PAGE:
Q: Governor Romney just held a news conference and you may want to respond to this. Using a whiteboard, he sketched out the difference between his Medicare and Congressman Ryan's Medicare plan and the President's. And one of the points he makes is that under President Obama's approach, those approaching retirement -- 55 and over -- would indeed see changes, and under his plan they would not. Would you remind us whether the President would change benefits to the plan of Social Security for those who are 55 and over?
MR. CARNEY: I'm sorry, you mean Medicare?
Q: Excuse me, Medicare.
MR. CARNEY: The President's plan protects benefits. The AARP has said -- let's be clear -- has said that the President's Affordable Care Act strengthens and protects Medicare benefits and beneficiaries. The Ryan budget -- the Romney/Ryan proposal, which, by the way -- I didn't see this press conference, but just because it's constantly unclear every day, the answer to this question -- that Governor Romney said -- actually, this is in an interview I believe last night in Wisconsin, Romney -- "Actually Paul Ryan's and my plan for Medicare I think is the same. It is probably close to identical."
So we know what that plan is. I mean, we've been debating it. It's passed the House. It voucherizes Medicare. It shifts costs to seniors. The President's plan does none of that. The President's plan extends the life of Medicare. It has already bequeathed millions of dollars in savings to seniors by closing the doughnut hole. It has given millions of seniors the opportunity for free preventive services like mammograms and cancer screenings. This is just a different vision.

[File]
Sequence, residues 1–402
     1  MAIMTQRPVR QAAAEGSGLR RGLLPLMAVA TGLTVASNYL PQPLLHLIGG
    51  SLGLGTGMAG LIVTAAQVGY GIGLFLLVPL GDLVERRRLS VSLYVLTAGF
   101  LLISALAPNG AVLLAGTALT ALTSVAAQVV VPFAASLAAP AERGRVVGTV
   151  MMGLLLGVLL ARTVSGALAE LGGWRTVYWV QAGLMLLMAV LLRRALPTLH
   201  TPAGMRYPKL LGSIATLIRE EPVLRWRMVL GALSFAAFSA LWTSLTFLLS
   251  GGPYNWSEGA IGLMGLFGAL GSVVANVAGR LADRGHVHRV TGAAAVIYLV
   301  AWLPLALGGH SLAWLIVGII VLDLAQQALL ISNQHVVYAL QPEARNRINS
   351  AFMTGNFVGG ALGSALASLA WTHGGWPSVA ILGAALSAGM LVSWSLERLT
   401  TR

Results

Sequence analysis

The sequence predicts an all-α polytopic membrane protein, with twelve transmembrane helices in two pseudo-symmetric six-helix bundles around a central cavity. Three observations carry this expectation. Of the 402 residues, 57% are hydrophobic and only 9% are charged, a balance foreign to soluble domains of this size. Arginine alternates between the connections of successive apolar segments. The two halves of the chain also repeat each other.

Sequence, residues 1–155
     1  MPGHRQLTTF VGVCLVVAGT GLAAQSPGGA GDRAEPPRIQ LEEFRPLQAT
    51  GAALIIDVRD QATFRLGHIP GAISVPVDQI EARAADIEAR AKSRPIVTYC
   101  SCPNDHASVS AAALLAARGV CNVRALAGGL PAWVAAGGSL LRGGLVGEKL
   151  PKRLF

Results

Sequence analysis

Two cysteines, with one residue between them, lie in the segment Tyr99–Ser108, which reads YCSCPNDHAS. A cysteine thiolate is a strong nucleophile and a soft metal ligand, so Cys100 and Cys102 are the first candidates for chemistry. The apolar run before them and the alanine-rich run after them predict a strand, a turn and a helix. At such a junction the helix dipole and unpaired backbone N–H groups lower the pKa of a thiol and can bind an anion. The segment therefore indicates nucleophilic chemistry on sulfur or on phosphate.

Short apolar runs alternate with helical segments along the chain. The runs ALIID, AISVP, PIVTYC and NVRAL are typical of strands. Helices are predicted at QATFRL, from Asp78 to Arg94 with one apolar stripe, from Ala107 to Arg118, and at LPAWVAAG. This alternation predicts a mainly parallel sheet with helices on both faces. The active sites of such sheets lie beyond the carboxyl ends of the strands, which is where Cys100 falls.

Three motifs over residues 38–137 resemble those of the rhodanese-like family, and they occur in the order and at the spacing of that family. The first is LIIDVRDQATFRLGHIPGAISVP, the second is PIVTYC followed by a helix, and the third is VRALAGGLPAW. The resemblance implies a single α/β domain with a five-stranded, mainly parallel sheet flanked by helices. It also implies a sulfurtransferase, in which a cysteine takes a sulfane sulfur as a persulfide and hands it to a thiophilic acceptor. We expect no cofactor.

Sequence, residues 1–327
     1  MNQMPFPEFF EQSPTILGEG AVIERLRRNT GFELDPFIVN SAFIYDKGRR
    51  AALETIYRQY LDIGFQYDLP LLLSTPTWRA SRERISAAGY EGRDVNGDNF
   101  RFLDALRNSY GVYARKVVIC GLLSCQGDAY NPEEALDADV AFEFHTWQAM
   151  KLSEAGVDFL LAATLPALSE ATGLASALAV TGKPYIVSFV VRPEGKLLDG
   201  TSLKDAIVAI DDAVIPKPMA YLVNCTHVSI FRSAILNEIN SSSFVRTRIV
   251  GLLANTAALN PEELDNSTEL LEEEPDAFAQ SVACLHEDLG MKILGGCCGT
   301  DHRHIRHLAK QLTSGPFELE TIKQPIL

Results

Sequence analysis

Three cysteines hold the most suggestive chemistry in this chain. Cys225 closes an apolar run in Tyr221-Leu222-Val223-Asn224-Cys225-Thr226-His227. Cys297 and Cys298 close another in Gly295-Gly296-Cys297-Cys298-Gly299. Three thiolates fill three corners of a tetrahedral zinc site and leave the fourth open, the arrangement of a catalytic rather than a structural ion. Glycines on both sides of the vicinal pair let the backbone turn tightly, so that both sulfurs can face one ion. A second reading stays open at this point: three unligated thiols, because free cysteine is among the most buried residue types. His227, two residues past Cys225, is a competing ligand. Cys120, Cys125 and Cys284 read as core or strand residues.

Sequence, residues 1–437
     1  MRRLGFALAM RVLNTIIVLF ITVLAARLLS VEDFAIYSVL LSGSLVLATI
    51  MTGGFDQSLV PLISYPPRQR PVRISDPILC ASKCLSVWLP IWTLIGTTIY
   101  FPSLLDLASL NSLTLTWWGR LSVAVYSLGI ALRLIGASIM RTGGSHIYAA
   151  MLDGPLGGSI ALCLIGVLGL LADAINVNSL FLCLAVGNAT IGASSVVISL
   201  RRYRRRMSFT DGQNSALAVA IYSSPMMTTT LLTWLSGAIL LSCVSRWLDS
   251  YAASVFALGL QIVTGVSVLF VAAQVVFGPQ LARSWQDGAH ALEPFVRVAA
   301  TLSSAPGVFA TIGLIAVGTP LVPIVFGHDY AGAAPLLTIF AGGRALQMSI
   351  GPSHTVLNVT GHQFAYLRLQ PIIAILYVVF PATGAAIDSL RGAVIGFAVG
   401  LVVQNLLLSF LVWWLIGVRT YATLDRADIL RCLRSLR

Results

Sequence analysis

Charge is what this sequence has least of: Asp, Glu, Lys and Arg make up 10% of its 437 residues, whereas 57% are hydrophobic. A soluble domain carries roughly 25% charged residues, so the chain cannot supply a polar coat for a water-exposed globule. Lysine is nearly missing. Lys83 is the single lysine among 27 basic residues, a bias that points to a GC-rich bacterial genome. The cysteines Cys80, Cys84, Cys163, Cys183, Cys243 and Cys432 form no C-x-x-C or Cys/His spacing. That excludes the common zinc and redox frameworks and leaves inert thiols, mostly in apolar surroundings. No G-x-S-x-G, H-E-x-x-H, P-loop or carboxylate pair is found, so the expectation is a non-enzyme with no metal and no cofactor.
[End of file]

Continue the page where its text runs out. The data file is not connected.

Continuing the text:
Look, this is exactly what we want to be talking about. These are the substantive issues that will be decided for this country and that will have a huge impact on this country and on America's seniors and others for years to come.
Q: Is he correct that those 55 and over under the Obama plan would have a change in their Medicare benefits?
MR. CARNEY: I don't know what change you're talking about. The President protects Medicare beneficiaries and Medicare benefits. The savings he achieved through the Affordable Care Act have extended the life of the Medicare program by eight years. And they come not from Medicare beneficiaries, not from benefits, but from providers and insurance companies through savings in waste and fraud.
This is a very important debate and the President looks forward to engaging in it.
Q: Hey, Jay, one other thing from that press conference -- Romney said he has never --
MR. CARNEY: We should have had it up here, so I could -- (laughter) --
Q: No, you'll probably want to respond. He's never paid less than 13 percent of an income tax over the past 10 years. Any reaction?